South of Jerusalem, the Separation Wall enfolds the settlement of Har Gilo, which is outside the municipal boundaries, into Jerusalem while simultaneously completely encircling the ancient Palestinian village of al-Walaja. New plans there also include the building of the Giv‘at Yael settlement, as well as a new section of the Har Gilo settlement (Har Gilo West), announced in 2020. All of these plans include the confiscation of Palestinian lands south of Jerusalem, including al-Walaja; the approval and construction of these plans will amount to the absolute suffocation if not outright obliteration of the village. These settlements will also be connected by the Refaim Stream National Park, opened in 2018 for the sole enjoyment of Israelis, while the neighboring Palestinian villagers who own the land are shut out of it by a strategically placed checkpoint.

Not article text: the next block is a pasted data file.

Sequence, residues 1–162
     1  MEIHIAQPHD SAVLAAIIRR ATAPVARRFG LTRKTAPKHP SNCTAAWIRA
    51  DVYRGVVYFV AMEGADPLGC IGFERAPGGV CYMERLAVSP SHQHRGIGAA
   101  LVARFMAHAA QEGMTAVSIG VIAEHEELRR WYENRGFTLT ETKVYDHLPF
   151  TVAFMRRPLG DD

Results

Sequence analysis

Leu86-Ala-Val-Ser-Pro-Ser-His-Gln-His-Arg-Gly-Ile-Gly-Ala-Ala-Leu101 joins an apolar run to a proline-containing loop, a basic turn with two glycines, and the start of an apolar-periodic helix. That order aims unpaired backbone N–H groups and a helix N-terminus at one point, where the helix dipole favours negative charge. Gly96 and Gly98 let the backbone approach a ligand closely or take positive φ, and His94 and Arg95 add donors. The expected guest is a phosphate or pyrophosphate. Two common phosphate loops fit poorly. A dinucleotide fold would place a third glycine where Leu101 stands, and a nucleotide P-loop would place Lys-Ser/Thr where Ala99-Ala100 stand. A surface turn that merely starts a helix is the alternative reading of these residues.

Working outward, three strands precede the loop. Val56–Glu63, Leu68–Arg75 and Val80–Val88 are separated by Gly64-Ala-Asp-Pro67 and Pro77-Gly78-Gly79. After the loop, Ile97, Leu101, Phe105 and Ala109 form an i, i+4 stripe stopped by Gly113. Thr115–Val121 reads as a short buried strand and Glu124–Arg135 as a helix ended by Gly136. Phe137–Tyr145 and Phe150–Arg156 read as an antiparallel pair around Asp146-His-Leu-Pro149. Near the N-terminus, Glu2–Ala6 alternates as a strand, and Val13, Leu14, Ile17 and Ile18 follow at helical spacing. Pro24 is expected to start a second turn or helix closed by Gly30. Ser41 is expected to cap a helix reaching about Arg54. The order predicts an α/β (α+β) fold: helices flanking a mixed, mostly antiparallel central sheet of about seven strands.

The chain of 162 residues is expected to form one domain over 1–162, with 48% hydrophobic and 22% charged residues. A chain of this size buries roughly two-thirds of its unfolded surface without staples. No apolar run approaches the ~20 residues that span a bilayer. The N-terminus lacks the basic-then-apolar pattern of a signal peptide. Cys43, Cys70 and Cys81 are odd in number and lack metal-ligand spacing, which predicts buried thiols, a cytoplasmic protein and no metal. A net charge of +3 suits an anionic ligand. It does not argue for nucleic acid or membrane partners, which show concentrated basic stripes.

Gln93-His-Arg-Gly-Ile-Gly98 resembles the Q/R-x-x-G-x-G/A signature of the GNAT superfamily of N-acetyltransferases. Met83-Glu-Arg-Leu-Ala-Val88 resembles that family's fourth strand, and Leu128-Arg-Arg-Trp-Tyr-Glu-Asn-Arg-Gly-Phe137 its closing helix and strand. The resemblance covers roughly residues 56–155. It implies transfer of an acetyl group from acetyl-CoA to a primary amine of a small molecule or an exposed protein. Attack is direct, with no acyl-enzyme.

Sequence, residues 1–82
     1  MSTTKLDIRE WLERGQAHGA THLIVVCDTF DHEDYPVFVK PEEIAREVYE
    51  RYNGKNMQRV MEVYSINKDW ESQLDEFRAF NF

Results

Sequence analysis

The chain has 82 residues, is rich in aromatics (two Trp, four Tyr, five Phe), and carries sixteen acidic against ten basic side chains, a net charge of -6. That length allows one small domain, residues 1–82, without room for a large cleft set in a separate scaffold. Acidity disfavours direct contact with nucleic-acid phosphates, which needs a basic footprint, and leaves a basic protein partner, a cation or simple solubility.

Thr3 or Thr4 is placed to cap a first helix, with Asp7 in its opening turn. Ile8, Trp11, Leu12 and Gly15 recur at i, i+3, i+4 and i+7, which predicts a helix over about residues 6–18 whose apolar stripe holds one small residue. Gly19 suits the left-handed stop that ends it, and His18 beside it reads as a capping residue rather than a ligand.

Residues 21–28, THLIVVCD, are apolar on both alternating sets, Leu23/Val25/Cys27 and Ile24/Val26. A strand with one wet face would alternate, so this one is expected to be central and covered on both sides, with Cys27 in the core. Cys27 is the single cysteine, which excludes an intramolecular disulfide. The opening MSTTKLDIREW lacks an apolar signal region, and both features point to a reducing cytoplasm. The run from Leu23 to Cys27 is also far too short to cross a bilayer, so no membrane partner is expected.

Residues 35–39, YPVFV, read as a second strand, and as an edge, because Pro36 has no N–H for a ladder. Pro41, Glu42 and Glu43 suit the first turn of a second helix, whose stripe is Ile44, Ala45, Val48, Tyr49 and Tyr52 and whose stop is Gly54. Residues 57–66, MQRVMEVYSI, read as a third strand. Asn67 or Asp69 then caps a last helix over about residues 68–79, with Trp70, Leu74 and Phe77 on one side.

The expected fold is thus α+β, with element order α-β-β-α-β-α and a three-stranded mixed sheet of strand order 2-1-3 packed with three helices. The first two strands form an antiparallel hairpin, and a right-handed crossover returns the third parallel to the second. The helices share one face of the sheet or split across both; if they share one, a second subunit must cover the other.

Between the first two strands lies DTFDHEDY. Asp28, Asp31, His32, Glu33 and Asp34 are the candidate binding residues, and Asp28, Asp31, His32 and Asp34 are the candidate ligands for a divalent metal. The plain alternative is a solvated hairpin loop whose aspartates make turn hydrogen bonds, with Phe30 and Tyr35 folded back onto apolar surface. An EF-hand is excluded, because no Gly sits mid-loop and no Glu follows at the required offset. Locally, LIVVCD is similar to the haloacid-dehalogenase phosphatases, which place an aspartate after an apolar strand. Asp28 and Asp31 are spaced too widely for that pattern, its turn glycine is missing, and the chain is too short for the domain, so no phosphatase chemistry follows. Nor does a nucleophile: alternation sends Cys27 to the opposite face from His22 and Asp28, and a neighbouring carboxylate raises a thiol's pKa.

Also in the south is the illegal settlement of Har Homa (Hebrew for “Wall Mountain”; in Arabic, the name of the mountain is Jabal Abu Ghneim). Har Homa, approved for initial development in 1997 after a series of land confiscations in the early 1990s, created a deliberate territorial wedge between the Palestinian-populated areas of Sur Bahir and Umm Tuba inside the municipal boundaries and the cities of Bethlehem, Beit Jala, and Beit Sahur in the West back, just south of the city boundary, thereby closing a perceived “hole” through which Palestinians could prevent the encirclement of Jerusalem by Jewish populated areas.
3. The Core Ring: Settlement belt within Palestinian neighborhoods in and around the Old City